A lot of our young people who have been in the UK a while will learn best through talk.
As you will see in the pages on reading and writing, talking before any task about how it relates to their own experience, the context and the vocabulary used is vital.
Often reading books sent home in primary school or texts set in secondary school will not necessarily have much relevance to their lives. So engaging them through images, joint research on google or YouTube and making links with their own experiences and interests will really help.
It’s also tempting as a mentor to over help when someone is struggling. It is much better to ask them what they do know and work on that, even if it is small, rather than exposing the young person to too much information that swamps them (and you!)
Choosing one thing to focus on in order to make progress is the best way forward- even if this is one sound that they get wrong when reading, or using capital letters in the wrong place.
Keeping a notebook/ diary of what you do each week can also help to make sure you both revisit past learning. For example, test on vocabulary learnt before, or ask them to recall a strategy they used to help navigate a difficult text rather than telling them again.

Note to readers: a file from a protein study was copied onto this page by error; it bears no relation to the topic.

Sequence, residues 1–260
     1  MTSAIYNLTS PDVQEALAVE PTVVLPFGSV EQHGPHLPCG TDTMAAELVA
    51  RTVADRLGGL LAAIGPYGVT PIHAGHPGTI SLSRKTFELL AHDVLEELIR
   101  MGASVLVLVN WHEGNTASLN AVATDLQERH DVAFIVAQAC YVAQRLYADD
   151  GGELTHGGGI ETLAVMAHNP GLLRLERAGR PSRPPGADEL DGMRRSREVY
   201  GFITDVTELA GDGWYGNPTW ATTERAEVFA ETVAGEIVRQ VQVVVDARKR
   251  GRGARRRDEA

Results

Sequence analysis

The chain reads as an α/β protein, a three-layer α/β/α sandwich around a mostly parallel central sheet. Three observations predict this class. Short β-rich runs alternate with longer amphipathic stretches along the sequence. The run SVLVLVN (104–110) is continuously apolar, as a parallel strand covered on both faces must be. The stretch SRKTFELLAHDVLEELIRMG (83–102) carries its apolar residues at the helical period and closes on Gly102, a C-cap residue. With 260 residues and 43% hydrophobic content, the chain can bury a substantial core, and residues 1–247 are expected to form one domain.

For young people who are new to English, starting as basic as needed is vital- they may be surrounded by vocabulary and tasks at school that they really do not understand, and showing them, for example through diagrams of their daily routine how the past tense works, would really help.
Remember with language learning you need to repeat it a lot, in different ways, to remember it. Some can learn aurally, others need it written down. Leaving post its on the wall to revise from is always a good idea!
Resources for teenagers learning English are not easy to find but we do have graded readers, can order grammar books and can advise you on websites- always ask!
For those who have not yet learnt to read in English, see the page on phonics and ask us for resources- it is actually quite easy to learn how to teach it!
your aim is to make your mentee independent, not dependent on you.
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